New report reveals pollution linked to 10% of cancer cases in Europe

Edited By: Vyomica Berry
Brussels, Belgium Updated: Jun 28, 2022, 09:09 AM(IST)

By the year 2030, India could be releasing anywhere from 35 to 40 billion tonnes of carbon dioxide equivalent Photograph:( AFP )

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2.7 million people are diagnosed with cancer each year in the European Union and 1.3 million die from it

A new report by the European Environment Agency (EEA) has revealed that pollution is linked to more than 10 per cent of cancer cases in Europe.

2.7 million people are diagnosed with cancer each year in the European Union and 1.3 million die from it. 

Europe reports almost a quarter of new cancer cases and a fifth of deaths even though it accounts for less than 10 per cent of the world's population.

The EEA said in its report that air pollution is linked to around one percent of all cancer cases in Europe, and causes around two percent of all cancer deaths.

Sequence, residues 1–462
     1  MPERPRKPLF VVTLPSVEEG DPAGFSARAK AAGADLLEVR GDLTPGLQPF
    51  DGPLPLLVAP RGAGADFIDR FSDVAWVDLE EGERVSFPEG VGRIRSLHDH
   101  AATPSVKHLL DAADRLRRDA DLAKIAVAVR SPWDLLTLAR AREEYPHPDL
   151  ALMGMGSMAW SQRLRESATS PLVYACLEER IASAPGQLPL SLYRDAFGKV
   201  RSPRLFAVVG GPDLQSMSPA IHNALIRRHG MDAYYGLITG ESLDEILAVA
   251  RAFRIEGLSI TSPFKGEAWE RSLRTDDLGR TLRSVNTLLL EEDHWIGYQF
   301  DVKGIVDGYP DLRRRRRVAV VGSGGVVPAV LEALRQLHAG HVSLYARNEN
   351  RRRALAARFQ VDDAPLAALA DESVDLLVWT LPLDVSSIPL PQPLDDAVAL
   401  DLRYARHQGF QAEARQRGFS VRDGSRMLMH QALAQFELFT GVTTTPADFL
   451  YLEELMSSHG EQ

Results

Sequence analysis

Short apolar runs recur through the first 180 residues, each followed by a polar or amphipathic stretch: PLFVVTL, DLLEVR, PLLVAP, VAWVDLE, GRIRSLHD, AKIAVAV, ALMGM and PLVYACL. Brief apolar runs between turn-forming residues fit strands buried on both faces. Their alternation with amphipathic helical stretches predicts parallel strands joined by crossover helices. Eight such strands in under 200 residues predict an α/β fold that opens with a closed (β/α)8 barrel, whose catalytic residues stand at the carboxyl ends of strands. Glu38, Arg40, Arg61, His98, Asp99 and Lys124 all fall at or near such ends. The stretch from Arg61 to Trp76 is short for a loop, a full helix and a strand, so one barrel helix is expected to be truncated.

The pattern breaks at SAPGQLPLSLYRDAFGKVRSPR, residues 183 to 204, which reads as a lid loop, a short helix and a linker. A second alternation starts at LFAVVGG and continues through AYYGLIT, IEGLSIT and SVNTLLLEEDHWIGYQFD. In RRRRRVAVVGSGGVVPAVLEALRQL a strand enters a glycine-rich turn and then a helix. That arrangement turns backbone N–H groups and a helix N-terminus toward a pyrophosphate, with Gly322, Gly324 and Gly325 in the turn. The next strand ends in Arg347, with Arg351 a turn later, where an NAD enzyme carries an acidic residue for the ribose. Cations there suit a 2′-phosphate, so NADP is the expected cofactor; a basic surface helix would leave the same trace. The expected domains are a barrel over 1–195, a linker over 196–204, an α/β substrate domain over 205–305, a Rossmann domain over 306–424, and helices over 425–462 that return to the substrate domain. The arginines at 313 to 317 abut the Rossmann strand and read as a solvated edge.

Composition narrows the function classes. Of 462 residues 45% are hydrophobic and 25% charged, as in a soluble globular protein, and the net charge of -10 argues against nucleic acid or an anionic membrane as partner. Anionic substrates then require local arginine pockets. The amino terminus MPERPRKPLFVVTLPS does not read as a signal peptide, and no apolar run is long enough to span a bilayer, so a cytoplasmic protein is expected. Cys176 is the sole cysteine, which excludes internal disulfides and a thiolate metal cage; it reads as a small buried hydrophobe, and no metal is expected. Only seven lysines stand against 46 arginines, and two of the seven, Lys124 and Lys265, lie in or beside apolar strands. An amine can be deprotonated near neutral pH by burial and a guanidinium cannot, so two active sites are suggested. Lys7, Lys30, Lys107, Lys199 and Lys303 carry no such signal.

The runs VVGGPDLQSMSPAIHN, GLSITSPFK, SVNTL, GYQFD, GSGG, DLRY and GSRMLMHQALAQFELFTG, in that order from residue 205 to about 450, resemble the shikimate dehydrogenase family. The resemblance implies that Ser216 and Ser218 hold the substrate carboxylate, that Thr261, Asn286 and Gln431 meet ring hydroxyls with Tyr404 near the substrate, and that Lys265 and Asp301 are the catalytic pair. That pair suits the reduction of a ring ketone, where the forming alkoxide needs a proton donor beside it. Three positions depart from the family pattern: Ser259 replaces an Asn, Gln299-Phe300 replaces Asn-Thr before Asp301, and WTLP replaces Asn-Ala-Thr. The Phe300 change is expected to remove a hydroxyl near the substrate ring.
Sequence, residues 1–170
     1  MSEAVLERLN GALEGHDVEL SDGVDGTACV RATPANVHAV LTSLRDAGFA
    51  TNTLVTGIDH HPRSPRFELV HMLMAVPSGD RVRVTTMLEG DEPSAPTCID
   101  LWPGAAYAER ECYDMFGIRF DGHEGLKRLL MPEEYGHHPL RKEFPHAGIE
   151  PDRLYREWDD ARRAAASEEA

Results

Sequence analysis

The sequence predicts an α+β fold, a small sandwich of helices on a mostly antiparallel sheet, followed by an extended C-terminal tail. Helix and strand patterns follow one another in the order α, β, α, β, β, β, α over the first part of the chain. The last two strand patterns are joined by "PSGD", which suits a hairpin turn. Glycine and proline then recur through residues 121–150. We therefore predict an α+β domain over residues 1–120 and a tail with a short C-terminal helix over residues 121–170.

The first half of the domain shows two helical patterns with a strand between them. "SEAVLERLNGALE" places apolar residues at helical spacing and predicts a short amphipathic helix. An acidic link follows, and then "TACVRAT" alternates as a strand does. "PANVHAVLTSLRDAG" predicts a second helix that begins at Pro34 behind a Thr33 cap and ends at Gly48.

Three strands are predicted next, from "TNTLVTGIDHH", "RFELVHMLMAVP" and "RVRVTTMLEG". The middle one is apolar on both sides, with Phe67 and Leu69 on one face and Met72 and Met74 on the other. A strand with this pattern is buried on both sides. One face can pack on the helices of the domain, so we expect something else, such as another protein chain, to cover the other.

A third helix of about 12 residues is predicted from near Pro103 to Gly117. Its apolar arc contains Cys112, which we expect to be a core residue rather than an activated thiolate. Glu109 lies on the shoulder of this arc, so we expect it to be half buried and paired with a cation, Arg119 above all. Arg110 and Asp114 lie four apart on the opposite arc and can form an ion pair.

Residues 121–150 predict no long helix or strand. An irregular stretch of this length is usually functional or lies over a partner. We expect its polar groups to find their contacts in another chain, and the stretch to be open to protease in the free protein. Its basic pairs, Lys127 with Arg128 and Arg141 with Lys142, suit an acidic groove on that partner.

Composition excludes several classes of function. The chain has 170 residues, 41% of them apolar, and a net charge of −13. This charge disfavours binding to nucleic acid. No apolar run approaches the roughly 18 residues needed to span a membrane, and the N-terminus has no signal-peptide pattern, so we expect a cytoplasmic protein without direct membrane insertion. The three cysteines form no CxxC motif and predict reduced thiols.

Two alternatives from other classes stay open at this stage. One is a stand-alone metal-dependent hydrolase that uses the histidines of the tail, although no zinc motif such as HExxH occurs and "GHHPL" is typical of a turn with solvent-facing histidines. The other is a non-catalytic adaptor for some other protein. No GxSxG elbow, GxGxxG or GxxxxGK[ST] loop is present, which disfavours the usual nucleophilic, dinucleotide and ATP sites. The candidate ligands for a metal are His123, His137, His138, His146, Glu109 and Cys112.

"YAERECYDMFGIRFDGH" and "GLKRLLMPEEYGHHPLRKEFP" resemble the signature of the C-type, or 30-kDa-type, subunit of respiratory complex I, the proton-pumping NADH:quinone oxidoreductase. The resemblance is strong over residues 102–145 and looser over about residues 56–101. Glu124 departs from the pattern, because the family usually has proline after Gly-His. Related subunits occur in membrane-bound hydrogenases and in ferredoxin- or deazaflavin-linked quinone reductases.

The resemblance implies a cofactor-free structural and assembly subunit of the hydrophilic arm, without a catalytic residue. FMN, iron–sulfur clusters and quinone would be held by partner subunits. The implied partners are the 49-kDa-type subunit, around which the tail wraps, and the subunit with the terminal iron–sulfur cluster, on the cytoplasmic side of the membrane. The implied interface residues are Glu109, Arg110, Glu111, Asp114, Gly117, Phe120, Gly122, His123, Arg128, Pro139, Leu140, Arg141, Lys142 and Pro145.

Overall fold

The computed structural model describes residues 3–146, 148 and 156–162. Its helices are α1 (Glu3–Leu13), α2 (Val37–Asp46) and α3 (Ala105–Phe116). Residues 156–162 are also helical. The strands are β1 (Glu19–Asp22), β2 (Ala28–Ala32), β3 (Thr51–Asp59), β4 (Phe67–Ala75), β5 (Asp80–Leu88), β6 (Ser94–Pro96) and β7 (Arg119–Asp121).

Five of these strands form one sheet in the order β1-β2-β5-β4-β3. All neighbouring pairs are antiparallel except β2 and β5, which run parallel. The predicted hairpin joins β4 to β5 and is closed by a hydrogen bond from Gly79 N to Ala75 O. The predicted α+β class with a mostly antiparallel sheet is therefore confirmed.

The report, which is the agency's first on the link between cancer and the environment, highlights that "all environmental and occupational cancer risks can be reduced," according to EEA expert Gerardo Sanchez.

While UV radiation may be responsible for up to four percent of all cancer cases in Europe, indoor exposure to radon is linked to up to two percent of all cancer cases, and one in ten lung cancer cases in the continent.

Warning that some chemicals used in European workplaces contribute to causing cancer, the agency said exposure to second-hand smoke may increase the overall risk for all cancers by up to 16 percent for people who have never been smokers.

Asbestos, a well-known carcinogen, which was banned in 2005 by the EU, it is still present in some buildings and is estimated to account for 55 to 88 per cent of occupational lung cancers. 

"Environmental and occupational cancer risks can be reduced by cleaning up pollution and changing behaviours," the agency said. 

"Decreasing these risks will lead to a fall in the numbers of cancer cases and deaths," it added.
 

(With inputs from agencies)

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